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Interest on Reserves, Interbank Lending, and Monetary Policy

Listed author(s):
  • Williamson, Stephen D.

    ()

    (Federal Reserve Bank of St. Louis)

A two-sector general equilibrium banking model is constructed to study the functioning of a floor system of central bank intervention. Only retail banks can hold reserves, and these banks are also subject to a capital requirement, which creates “balance sheet costs” of holding reserves. An increase in the interest rate on reserves has very different qualitative effects from a reduction in the central bank’s balance sheet. Increases in the central bank’s balance sheet can have redistributive effects, and can reduce welfare. A reverse repo facility at the central bank puts a floor un- der the interbank interest rate, and is always welfare improving. However, an increase in reverse repos outstanding can increase the margin between the interbank interest rate and the interest rate on government debt.

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Paper provided by Federal Reserve Bank of St. Louis in its series Working Papers with number 2015-24.

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Length: 37 pages
Date of creation: 13 Sep 2015
Handle: RePEc:fip:fedlwp:2015-024
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  1. Andolfatto, David & Williamson, Stephen, 2015. "Scarcity of safe assets, inflation, and the policy trap," Journal of Monetary Economics, Elsevier, vol. 73(C), pages 70-92.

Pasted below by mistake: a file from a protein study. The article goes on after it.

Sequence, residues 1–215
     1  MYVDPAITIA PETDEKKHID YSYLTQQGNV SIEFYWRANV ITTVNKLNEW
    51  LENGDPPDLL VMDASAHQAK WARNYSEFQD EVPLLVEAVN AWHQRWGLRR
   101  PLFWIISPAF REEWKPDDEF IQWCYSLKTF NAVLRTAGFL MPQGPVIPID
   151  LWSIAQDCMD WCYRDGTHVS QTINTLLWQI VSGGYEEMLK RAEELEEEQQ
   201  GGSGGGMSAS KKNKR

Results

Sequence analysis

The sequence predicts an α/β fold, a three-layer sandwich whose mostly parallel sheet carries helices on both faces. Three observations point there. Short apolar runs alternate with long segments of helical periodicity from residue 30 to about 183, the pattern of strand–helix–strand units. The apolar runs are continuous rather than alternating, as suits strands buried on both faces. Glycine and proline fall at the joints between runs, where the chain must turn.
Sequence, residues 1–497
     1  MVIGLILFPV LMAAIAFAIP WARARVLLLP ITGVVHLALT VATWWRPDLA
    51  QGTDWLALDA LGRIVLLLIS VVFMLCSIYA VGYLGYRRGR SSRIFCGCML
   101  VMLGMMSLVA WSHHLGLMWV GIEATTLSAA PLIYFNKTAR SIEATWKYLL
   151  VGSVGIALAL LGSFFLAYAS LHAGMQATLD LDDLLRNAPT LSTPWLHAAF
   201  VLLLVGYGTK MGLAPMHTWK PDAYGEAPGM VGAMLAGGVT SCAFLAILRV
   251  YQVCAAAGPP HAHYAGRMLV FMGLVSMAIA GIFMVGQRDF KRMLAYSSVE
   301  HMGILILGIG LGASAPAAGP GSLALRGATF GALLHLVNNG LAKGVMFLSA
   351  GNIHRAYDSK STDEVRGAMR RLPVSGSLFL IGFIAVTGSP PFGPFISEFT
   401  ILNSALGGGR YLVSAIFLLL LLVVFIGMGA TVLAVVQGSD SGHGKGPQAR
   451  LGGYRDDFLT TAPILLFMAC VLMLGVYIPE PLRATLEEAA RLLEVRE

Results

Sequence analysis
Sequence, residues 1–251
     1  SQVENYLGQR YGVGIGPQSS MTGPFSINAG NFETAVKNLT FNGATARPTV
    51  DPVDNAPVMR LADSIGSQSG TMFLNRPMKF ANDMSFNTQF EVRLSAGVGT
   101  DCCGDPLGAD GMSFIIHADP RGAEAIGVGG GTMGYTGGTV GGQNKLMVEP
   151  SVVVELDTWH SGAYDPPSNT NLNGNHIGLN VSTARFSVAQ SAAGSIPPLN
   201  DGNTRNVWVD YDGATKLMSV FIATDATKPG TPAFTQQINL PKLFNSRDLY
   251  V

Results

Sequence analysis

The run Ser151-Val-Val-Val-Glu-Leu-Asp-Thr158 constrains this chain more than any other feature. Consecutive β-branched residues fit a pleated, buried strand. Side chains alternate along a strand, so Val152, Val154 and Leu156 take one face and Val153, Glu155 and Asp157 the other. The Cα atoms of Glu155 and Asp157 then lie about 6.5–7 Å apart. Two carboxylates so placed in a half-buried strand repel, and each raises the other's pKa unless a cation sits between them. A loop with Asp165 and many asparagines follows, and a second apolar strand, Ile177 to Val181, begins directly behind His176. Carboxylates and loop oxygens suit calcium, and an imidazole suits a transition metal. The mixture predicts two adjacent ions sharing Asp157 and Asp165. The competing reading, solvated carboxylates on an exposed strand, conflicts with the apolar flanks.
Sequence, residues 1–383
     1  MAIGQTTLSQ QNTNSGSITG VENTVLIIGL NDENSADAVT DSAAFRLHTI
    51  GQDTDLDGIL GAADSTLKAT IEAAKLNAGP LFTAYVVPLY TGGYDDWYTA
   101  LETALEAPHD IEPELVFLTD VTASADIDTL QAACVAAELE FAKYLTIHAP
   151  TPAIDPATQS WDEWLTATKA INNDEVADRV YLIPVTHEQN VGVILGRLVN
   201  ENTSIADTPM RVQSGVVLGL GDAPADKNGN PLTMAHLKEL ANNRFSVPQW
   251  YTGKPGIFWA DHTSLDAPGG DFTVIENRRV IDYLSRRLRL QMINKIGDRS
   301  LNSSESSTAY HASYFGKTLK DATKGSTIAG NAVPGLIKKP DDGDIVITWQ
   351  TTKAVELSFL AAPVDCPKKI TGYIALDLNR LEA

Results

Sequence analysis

2. Javier Bianchi & Saki Bigio, 2014. "Banks, Liquidity Management and Monetary Policy," NBER Working Papers 20490, National Bureau of Economic Research, Inc.
  3. Aleksander Berentsen & Cyril Monet, 2006. "Monetary Policy in a Channel System," IEW - Working Papers 295, Institute for Empirical Research in Economics - University of Zurich.
  4. Gara M. Afonso & Ricardo Lagos, 2012. "Trade dynamics in the market for federal funds," Staff Reports 549, Federal Reserve Bank of New York.
  5. Stephen D. Williamson, 2012. "Liquidity, Monetary Policy, and the Financial Crisis: A New Monetarist Approach," American Economic Review, American Economic Association, vol. 102(6), pages 2570-2605, October.
  6. Benjamin Lester & Roc Armenter, 2015. "Excess Reserves and Monetary Policy Normalization," 2015 Meeting Papers 586, Society for Economic Dynamics.
  7. Armenter, Roc & Lester, Benjamin, 2016. "Excess Reserves and Monetary Policy Implementation," Working Papers 16-33, Federal Reserve Bank of Philadelphia.
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